|Full Policy Name:|
|Topics:||Community Development and Neighborhood Revitalization, Economic Development|
The Brownfield Redevelopment Financing Act (Public Act 381 of 1996) allows municipalities to create Brownfield Redevelopment Authorities (BRA) to finance brownfield redevelopment projects on sites that are considered to be contaminated, blighted, or obsolete property. Local BRAs can fund these projects by establishing a tax increment financing (TIF) district or through grants and loans from Michigan’s Brownfield Redevelopment Program or the U.S. Environmental Protection Agency. Redeveloped brownfields can be used for a variety of purposes to generate revenue for the municipality, which may include land uses that also support local food economies.
|Relationship to food access, food insecurity, or local food economies:||
Local and regional BRAs can potentially improve food access by transforming vacant or blighted properties into urban farms or food hubs (Leonard 2014; Cantrell et al. 2013). Various cities in Michigan have used brownfield funds to create opportunities for food retail businesses. The City of Grand Rapids Downtown Development Authority used these funds to create the Grand Rapids Downtown Market, a food innovation district (MDEQ n.d.), while the The City of Lansing BRA redeveloped the City Market (MDEQ 2011). Likewise, Lincoln Township in Berrien County received a loan to fund the cleanup of a site that eventually became a Meijer (MDEQ 2011).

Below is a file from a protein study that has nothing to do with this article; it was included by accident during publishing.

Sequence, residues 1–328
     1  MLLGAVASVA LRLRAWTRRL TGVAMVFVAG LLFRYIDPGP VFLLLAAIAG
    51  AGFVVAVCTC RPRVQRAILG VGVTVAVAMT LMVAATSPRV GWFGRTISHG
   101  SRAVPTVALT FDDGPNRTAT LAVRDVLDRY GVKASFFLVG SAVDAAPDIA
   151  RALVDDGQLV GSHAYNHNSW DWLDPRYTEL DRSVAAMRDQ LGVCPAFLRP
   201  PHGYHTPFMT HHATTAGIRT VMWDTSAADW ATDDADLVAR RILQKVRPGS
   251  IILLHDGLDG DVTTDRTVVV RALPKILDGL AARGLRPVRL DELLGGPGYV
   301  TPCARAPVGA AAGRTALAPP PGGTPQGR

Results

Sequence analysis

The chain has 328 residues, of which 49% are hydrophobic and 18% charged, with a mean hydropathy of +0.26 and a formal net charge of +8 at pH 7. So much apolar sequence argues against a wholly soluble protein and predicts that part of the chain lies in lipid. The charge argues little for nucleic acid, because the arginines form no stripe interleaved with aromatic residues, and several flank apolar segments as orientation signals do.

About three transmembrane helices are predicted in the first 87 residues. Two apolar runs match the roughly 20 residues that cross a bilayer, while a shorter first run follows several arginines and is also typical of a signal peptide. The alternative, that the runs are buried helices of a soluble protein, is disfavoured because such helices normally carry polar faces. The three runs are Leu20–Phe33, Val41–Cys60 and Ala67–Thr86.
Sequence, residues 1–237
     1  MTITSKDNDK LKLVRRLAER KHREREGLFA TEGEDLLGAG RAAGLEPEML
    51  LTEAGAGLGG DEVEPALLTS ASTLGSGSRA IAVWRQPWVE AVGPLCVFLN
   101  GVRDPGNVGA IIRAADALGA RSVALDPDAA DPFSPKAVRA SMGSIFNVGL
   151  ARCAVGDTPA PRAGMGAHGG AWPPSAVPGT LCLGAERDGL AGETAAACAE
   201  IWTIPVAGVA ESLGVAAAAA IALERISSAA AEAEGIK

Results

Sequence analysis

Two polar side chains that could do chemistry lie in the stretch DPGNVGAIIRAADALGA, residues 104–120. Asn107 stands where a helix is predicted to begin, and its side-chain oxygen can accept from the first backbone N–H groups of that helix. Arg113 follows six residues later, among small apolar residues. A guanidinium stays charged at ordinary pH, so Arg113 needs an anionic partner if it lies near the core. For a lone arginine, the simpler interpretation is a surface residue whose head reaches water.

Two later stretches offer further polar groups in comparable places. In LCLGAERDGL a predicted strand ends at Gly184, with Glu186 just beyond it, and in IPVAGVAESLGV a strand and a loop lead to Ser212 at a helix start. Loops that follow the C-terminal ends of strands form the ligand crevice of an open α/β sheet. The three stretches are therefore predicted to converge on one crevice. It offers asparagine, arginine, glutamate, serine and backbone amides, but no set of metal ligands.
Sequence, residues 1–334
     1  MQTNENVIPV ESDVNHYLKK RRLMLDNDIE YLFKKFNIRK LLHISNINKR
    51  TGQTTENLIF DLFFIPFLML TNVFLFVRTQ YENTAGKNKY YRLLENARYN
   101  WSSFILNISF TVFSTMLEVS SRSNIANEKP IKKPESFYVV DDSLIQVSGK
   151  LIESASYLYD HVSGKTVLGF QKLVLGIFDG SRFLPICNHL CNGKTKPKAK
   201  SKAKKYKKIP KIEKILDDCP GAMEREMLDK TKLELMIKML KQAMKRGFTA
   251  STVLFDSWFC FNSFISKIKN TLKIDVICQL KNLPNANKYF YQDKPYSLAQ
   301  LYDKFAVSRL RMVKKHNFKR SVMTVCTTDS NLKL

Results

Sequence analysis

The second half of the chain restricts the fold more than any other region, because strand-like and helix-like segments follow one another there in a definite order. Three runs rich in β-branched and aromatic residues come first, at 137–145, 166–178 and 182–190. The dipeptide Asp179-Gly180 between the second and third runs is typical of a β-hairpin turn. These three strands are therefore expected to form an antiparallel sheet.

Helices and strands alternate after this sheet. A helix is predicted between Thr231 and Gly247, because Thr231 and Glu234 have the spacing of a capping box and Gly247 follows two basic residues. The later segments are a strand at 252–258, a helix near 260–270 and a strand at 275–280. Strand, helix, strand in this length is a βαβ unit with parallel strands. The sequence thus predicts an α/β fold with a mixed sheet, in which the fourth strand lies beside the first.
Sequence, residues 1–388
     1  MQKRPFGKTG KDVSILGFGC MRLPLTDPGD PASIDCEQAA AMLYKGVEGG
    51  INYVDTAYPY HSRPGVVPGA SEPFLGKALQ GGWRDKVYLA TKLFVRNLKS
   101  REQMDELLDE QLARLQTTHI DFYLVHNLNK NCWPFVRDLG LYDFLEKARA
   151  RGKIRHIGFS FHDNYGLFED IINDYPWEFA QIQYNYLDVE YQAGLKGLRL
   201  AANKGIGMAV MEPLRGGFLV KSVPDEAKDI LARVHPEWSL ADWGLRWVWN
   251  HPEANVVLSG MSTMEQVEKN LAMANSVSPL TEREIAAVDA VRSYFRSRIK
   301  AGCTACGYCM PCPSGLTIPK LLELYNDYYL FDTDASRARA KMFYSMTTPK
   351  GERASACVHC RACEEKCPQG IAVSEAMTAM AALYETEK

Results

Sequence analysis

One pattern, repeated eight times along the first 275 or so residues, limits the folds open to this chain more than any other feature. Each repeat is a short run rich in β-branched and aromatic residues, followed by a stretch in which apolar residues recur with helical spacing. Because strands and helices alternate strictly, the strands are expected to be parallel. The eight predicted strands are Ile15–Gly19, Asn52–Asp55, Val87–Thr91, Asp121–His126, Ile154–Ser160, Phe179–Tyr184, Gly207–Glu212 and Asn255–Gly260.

|Scale of Governance:||State|
|Policy Text Link:||URL|
|Michigan Good Food Charter Priority:||Priority 4 - Support new or existing grocery stores, Priority 5 - Encourage food business districts|
Cantrell, P., Colasanti, K., Goddeeris, L., Lucas, S., McCauley, M., Michigan State
Leonard, N. (2014). Utilizing Michigan Brownfield Policies to Incentivize
Michigan Department of Environmental Quality (MDEQ). (2011). “Brownfield
Michigan Department of Environmental Quality (MDEQ). (n.d.). “Brownfield